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Uzbekistan’s Silver Screen Promotes "Traditional Values"

Pulled from Tashkent theaters in October 2011 during its first release, “Nafs” was considered too radical in Uzbekistan; its director was suspected by authorities of promoting not just Uzbek traditional values, but Islamic ones. Three years later the film finally was allowed to be shown, attracting a full house in Tashkent's landmark Navoi Arts Palace. (Official Movie Poster)

Abdurakhmon, an Uzbek shepherd in his early 20s, lives in Uzbekistan's remote mountains, far from any town. After long days tending his sheep, at night he is glued to an old Soviet-era television set he inherited from his father.
 
Despite the poor signal, for hours he watches music videos, concerts and films about glitzy lifestyles in the West, leaving him disillusioned with his boring routine. Day after day, dreaming of the life he sees on television, he catches himself thinking, "I'd give my soul" for that. Yet, offered a chance to live a lavish Western lifestyle in the capital, Tashkent, Abdurakhmon has a blinding realization: Nothing can compare with the happy life of an Uzbek villager.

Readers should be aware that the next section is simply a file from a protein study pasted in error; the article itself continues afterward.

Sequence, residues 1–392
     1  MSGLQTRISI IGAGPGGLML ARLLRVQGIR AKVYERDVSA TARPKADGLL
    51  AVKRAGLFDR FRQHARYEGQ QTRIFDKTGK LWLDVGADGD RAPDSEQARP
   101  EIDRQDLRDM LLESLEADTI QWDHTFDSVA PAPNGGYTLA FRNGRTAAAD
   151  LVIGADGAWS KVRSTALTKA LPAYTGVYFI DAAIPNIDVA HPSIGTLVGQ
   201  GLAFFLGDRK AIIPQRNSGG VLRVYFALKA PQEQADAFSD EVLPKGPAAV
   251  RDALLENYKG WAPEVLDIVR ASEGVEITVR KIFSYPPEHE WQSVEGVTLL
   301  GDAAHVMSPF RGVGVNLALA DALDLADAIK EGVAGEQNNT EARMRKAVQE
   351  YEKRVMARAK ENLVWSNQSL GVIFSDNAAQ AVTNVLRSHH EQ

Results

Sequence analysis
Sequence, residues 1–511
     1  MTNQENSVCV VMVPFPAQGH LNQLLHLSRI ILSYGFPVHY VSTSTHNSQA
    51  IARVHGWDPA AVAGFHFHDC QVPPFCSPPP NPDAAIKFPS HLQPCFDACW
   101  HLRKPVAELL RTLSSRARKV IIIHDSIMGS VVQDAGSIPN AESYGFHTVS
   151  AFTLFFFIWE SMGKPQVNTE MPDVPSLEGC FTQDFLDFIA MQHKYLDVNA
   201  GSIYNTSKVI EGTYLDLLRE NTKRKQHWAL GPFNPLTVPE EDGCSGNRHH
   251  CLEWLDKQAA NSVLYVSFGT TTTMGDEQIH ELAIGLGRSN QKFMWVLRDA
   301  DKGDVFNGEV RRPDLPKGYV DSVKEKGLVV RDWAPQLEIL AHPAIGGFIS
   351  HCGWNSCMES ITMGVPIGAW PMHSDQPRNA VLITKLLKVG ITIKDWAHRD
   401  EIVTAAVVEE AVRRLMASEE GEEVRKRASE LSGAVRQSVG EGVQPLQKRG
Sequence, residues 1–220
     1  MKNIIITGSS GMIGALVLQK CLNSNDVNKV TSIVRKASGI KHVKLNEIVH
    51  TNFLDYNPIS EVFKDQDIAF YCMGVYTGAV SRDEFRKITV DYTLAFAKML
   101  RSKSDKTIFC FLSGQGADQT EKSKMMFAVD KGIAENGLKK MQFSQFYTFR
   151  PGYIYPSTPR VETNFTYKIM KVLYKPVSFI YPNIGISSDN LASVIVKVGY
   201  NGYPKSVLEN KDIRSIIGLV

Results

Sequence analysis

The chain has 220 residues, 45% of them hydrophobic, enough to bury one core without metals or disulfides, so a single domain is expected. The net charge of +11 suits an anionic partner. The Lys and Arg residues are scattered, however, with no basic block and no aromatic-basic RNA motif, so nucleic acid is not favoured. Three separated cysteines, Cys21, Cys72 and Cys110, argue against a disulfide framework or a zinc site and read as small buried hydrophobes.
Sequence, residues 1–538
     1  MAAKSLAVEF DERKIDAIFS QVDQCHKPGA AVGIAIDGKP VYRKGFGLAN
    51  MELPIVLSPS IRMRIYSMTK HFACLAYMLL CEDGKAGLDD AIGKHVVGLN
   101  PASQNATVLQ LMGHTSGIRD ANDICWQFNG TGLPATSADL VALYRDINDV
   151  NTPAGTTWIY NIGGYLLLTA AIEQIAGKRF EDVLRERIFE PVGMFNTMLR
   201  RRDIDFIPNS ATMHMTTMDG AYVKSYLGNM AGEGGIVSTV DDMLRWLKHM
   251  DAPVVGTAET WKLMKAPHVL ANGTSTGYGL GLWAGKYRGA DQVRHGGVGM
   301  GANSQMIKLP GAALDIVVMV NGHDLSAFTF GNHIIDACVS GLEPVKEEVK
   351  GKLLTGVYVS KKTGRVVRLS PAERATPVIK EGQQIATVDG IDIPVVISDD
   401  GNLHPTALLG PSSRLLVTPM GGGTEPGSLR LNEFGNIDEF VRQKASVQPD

This is the plot of the controversial Uzbek film "Nafs" ("Temptation"), which, despite being produced and premiered in 2011, gained wide distribution on Tashkent’s silver screens only this year.
 
"The most scandalous film of the year," read the posters outside Tashkent cinemas screening "Nafs." On a sultry summer night, the film attracted a full house in Tashkent's landmark Navoi Arts Palace.
 

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Murat Sadykov is the pseudonym for a journalist specializing in Central Asian affairs.

Uzbekistan’s Silver Screen Promotes "Traditional Values"

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